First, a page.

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Thursday, 1 August 2019

Retro Review: Daylight (1996)

Cast: Sylvester Stallone, Amy Brenneman, Viggo Mortensen, Dan Hedaya, Jay O' Sanders, Karen Young
Genre: Disaster Action 
Worldwide Box Office Gross: over $159 million 

Plot: A truck containing dangerous chemicals explodes in the Holland Tunnel, trapping those New Yorkers not killed in the explosion. It's up to an ex-city Emergency Medical Services director to save the survivors 

'Stallone-Led Flick Not Quite Exactly Right, But There Should Have Been More To It'

Daylight flopped back during its release in 1996 and by watching it today, though this is not the sheer disaster of a movie as it was panned by critics at the time, and released during a wave of similarly formulaic films of this type in Volcano, Deep Impact, Twister, Independence Day, it is still, in most respects, a relative disappointment and there are clearly issues with it that should have been ironed out. 

A New York tunnel collapses and with that, several residents are trapped inside. A disgraced Emergency Services Chief named Kit is chosen to come to their aid. Stuff blows up, water is gushing out, everything falls apart - which is all exciting, sort of; it's a bit of a shame that by taking away the action sequences and effects, there is not much else left to it that is entertaining, and running at almost 2 hrs, the story is so bloated and hardly fleshed out very well. 

Let's face it, if it wasn't for Sylvester Stallone, who tries to provide some quality and keep us invested in the film, Daylight would not see the light of day, - pardon the expression. There are some suspense and tension, some explosions and things blowing up, but the story doesn't supplement these elements well enough. There just wasn't more here that was surprising that came left-field that I duly wanted out of it. 

Vanessa Bell Calloway's fake Carribean/French accent was terrible, the supporting cast is not notable with some of their characters resorting to shouting their lines to emphasise their roles in the movie, Viggo Mortensen bites the dust earlier on, meaning Daylight doesn't have an actual villain for Stallone and co to contend with, as does Slyvester Stallone's real-life son, Sage in an all-too-brief cameo. But for Kit, the lead paper-thin characters do not lend themselves well to the cause, as it seems he is the only character afforded with some depth, and neither of them are empathetic or likeable enough, and thus lack any personality for us to root for them. Amy Brenneman's Madeline makes Cliffhanger's Janine Turner's Jessie look 10 times better; the onscreen partnership of Brenneman and Stallone feels hokier and lacks any real reverence their characters might have towards one another. It basically retreads the same tropes as Cliffhanger, the other Sly Stallone movie - only this is nowhere as great and, in addition, it is far less entertaining as well.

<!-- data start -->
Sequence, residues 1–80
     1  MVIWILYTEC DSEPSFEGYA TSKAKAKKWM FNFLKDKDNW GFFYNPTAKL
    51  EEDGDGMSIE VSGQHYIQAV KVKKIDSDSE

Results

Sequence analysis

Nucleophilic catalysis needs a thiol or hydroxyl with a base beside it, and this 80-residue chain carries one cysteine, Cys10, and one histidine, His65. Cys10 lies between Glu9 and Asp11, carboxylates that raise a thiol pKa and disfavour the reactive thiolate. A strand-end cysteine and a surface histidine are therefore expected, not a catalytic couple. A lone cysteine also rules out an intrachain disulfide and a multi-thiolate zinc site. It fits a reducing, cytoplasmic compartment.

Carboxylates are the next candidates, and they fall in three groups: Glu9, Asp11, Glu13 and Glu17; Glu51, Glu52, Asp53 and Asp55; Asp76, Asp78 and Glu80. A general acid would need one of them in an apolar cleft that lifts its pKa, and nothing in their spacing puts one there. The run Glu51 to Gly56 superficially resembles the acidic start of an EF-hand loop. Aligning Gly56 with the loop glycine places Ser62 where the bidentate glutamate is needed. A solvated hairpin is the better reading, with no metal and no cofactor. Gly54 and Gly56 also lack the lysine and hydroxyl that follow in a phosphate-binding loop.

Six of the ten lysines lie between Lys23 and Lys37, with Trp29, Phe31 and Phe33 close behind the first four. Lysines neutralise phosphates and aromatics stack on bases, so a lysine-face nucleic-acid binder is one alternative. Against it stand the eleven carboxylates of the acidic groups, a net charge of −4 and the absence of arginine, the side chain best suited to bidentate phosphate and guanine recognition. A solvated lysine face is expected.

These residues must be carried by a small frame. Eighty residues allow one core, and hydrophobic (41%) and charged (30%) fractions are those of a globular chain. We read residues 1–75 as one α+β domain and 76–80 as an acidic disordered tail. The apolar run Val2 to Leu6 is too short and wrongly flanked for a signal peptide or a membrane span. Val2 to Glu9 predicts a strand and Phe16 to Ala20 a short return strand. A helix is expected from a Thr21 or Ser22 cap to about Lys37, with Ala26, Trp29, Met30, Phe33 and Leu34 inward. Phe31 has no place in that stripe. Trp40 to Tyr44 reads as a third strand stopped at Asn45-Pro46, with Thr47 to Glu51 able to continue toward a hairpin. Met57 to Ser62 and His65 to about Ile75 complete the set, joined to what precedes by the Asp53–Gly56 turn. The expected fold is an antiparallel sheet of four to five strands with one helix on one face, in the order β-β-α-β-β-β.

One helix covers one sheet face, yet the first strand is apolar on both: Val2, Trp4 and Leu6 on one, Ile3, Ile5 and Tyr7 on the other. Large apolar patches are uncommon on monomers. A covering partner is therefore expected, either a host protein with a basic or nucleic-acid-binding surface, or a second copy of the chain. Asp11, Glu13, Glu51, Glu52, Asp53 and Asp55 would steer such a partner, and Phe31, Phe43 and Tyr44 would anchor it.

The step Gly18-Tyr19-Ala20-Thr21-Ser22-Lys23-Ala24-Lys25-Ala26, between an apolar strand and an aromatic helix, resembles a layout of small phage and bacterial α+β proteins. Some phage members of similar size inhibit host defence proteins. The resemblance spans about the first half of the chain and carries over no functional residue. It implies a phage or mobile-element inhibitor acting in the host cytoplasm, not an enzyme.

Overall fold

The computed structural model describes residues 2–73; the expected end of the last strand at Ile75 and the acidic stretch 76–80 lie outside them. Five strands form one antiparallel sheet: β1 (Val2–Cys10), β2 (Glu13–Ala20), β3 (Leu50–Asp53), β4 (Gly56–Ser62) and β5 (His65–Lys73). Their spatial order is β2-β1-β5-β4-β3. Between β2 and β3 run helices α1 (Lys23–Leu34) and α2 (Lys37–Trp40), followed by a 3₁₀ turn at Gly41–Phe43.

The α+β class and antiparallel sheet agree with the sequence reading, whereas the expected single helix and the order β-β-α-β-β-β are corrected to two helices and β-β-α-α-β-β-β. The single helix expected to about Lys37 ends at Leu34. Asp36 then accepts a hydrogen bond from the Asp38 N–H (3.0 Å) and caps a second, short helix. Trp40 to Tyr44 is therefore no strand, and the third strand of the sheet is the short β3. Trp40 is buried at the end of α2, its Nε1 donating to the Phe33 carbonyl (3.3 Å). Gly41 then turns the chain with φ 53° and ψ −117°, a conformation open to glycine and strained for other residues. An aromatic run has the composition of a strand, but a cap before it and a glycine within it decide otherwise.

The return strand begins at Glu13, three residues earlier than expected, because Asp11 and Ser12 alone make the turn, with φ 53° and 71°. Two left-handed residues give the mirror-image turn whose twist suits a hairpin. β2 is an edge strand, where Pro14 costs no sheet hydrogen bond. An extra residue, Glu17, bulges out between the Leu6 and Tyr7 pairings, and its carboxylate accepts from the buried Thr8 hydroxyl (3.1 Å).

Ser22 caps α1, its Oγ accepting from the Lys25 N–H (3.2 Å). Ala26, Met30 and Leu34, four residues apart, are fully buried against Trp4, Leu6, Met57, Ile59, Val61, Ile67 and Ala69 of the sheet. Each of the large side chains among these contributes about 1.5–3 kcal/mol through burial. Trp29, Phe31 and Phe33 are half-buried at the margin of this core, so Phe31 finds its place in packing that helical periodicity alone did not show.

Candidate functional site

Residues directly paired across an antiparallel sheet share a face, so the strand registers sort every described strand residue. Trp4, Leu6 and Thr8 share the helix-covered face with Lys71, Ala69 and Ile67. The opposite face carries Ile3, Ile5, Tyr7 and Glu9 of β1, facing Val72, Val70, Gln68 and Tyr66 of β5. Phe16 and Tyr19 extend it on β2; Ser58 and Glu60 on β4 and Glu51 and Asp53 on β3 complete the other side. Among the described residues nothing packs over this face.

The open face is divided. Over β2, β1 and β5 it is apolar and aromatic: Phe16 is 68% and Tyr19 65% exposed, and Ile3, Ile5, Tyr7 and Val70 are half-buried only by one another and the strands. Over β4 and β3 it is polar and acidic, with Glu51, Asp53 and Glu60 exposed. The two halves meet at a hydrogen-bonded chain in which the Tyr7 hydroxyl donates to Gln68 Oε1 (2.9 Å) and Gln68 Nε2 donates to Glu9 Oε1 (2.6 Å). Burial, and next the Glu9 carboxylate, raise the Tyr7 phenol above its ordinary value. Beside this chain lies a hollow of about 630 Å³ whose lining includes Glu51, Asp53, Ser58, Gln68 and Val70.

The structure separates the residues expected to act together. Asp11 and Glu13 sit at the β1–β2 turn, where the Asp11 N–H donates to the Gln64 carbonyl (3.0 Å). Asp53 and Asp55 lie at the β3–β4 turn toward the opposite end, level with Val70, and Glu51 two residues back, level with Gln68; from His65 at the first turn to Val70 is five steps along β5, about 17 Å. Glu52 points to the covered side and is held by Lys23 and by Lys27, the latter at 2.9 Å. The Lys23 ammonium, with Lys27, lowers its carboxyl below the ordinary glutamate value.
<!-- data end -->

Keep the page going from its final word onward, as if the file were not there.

Rob Cohen was attempting to make a disaster action flick that tries to be serious, whilst emphasising that people can triumph against the odds. He takes what is an engaging and exciting idea - only to turn it into a mundane and at times jarring affair that is also too limited in scope. As each of the squabbling characters meets their own grisly fate, it's done in a way that one doesn't have any emotional investment towards either of them and the plot never becomes involving enough. With that in mind, I didn't care and it feels mechanical. The effects themselves are explosive and the action set pieces range from passable to good, yet they are anything but sizzling. 

Much like Judge Dredd was inferior to Demolition Man, Daylight is inferior to Renny Harlin's Cliffhanger: the set-ups of these films, when paired opposite one another, are remarkably similar in many respects -, & though ultimately Daylight does do some things that Cliffhanger did too, by contrast, this is not as effective and resounding, and it isn't long until it ensuingly runs out of ideas. 

Final Verdict:

That's not to say this isn't entirely unwatchable, but it steers too much on the formulaic and melodramatic side that I became tired of the story and my eyes wandered away from the screen several times, whilst the underdeveloped secondary characters are literally upstaged and eclipsed by star man, Stallone and of whom they are written in a way that nobody will care what happens to them. 

It has its shortcomings for sure and it's not bad; nevertheless, Daylight is yet again another one of those action-based thrillers that, with a bit more work in most areas, the end product would have been a whole lot more engaging, exceptional and serviceable.


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